That's something everyone has felt before - trying to talk one's self out of something. "It's okay if I stay for desert, even though I'm on a diet. The diet will keep me from eating the triple fudge chocolate cake!"
The next day, Caroline and Darcy are walking in the shrubbery ("Ni! Ni!") and Caroline teases Darcy and tries to get him to say bad things about Lizzie. Whoops! They are quickly joined by Mrs. Hurst and Lizzie herself! I hope she didn't hear... Anyway, Caroline takes one of Darcy's arms and Mrs. Hurst the other - they see that there is only room for three on the pathway. "Mr. Darcy felt their rudeness and immediately said - 'This walk is not wide enough for our party. We had better go into the avenue.'" Lizzie refuses with a laugh, and runs off.
After this, she and Jane are able to go back home again, and Lizzie doesn't see Darcy again until, I believe, they are both at Rosings Park. Mr. Darcy makes his odious marriage proposal, which is quite rude. If he had proposed any other way, however, I don't think it would have made logical sense.
At the time, he was still getting over his pride (by the way, there's an interesting article out there somewhere about how the Bennets are actual gentry, while Darcy just has a lot of money and no title - or something like that. They're really on the same level of society as each other ["He is a gentleman, and I am a gentleman's daughter"], only Darcy has got lots of money, and the Bennet's don't). It was logical in his brain to say how disadvantageous the match was for him. He thought, because he was so rich, Lizzie would accept him on that. She, of course, had all sorts of prejudices towards him, and wouldn't accept a thing he said. She tells him how rude he sounds ("If you had behaved in a more gentlemanlike manner") and he goes off to rethink some things.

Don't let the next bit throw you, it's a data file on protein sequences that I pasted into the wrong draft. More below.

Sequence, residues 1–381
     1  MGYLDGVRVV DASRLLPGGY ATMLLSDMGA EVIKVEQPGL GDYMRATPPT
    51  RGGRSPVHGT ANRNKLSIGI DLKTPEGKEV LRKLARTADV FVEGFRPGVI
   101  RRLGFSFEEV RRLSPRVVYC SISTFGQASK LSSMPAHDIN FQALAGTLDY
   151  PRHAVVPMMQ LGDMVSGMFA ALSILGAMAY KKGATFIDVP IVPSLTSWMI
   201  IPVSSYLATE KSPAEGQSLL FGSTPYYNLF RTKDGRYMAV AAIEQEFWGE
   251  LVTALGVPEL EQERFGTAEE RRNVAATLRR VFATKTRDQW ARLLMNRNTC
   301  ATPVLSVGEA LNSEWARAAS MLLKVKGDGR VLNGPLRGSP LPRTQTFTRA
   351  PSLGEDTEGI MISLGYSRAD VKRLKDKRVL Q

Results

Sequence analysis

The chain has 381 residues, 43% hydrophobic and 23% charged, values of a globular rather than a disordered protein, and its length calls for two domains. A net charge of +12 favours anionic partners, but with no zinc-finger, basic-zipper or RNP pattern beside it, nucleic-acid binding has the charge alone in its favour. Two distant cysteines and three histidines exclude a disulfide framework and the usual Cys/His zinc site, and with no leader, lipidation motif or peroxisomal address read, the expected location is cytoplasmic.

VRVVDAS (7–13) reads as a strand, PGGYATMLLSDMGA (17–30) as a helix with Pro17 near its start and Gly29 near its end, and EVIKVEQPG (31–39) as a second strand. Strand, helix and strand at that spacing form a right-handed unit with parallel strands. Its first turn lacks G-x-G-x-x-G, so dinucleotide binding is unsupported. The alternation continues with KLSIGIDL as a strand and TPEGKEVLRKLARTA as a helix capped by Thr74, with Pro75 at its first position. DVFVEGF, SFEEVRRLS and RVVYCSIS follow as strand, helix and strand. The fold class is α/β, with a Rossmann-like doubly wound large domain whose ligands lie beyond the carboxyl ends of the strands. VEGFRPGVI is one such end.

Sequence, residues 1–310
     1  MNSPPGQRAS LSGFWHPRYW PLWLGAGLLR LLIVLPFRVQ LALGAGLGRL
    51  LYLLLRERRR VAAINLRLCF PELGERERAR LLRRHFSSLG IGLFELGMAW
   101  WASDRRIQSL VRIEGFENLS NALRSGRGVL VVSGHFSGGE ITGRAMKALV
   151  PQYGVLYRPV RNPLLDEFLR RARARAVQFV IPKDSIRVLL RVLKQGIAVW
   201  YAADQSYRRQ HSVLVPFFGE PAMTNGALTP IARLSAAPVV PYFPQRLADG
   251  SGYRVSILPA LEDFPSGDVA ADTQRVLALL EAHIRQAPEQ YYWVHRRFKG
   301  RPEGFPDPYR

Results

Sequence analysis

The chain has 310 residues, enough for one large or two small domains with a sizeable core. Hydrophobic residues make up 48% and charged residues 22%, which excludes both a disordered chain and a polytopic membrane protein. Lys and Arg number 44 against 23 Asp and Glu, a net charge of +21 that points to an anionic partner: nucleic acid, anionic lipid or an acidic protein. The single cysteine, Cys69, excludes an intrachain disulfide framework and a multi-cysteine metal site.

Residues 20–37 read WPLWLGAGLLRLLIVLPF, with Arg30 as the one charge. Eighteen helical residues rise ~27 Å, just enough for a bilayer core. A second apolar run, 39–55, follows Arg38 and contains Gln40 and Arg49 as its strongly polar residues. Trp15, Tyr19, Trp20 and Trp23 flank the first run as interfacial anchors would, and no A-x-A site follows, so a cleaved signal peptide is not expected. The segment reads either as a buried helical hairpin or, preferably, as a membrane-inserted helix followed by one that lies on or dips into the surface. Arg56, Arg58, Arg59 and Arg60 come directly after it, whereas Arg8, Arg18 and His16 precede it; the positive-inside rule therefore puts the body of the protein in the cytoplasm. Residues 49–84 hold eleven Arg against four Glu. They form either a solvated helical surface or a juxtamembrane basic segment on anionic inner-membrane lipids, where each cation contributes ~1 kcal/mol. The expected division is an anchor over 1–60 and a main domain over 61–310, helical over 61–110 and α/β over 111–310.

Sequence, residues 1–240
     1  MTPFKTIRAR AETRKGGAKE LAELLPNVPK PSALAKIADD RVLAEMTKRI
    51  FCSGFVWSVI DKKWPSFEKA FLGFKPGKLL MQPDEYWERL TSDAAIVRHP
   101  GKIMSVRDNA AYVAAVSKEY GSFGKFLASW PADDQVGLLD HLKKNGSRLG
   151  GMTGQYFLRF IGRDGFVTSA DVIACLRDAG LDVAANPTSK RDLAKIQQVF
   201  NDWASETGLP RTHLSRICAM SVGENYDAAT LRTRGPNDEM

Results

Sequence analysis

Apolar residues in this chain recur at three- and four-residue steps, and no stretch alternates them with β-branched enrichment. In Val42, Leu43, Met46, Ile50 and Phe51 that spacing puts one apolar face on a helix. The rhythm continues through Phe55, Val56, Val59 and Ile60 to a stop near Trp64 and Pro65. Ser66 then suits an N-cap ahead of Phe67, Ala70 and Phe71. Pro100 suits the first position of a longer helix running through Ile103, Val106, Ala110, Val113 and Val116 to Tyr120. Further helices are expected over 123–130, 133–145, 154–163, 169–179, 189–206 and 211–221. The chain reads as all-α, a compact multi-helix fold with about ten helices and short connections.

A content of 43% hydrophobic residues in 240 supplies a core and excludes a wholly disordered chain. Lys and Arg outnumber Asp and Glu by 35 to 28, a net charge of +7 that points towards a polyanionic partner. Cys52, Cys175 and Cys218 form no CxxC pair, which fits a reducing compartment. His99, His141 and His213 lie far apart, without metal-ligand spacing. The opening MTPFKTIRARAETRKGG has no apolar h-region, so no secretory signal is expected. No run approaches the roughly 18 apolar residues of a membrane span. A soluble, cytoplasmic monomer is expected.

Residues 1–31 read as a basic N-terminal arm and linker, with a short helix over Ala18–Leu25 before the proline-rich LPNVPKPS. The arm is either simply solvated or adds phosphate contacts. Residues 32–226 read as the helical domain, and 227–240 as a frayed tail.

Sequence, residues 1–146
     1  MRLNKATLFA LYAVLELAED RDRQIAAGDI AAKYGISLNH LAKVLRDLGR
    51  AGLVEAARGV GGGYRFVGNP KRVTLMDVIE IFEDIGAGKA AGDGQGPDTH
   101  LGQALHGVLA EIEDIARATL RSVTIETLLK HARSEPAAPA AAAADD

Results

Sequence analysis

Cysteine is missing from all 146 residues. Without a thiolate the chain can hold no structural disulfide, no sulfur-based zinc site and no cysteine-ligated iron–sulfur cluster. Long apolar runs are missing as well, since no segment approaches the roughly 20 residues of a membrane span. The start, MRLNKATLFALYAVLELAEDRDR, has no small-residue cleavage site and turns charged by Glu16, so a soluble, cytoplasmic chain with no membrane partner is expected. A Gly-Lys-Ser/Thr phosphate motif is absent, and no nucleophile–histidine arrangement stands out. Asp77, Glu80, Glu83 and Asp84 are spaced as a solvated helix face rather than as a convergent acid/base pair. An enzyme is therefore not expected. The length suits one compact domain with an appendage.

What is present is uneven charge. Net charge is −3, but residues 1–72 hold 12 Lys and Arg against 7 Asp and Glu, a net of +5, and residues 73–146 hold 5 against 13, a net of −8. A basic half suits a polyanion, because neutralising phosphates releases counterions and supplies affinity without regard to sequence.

Of course, he gives her the letter explaining about Wickham, among other things... and then they drift apart again, until a few months later, when Lizzie visits Pemberley.
At Pemberley, she sees Mr. Darcy transformed. He has, no doubt, thought a lot about what she said to him. He's realized some of his faults, and he's working to correct them. Like I said earlier, this is not an easy thing to do! We all wish we were perfect, and try to put on the front of being perfect. When people admonish us, it hurts, we lash back. But a strong person will learn from the comments of others and become a better person because of it. Pride and Prejudice is an excellent literary example of this. That's why I love it - and all of Jane Austen - so much: THE CHARACTER DEVELOPMENT! OH, the character development is brilliant.
Thinking about the things Lizzie has said to him isn't the only factor changing Darcy's attitude. He's also in his own environment. He's at home, where's he comfortable. He was raised here, he knows every nook and cranny ("What's a cranny? Are my nooks dirtier than my crannies?"). Plus he's got his sister around, and his best friend. Of course he's going to be more relaxed. I'm more relaxed when I'm in a familiar place, with familiar people.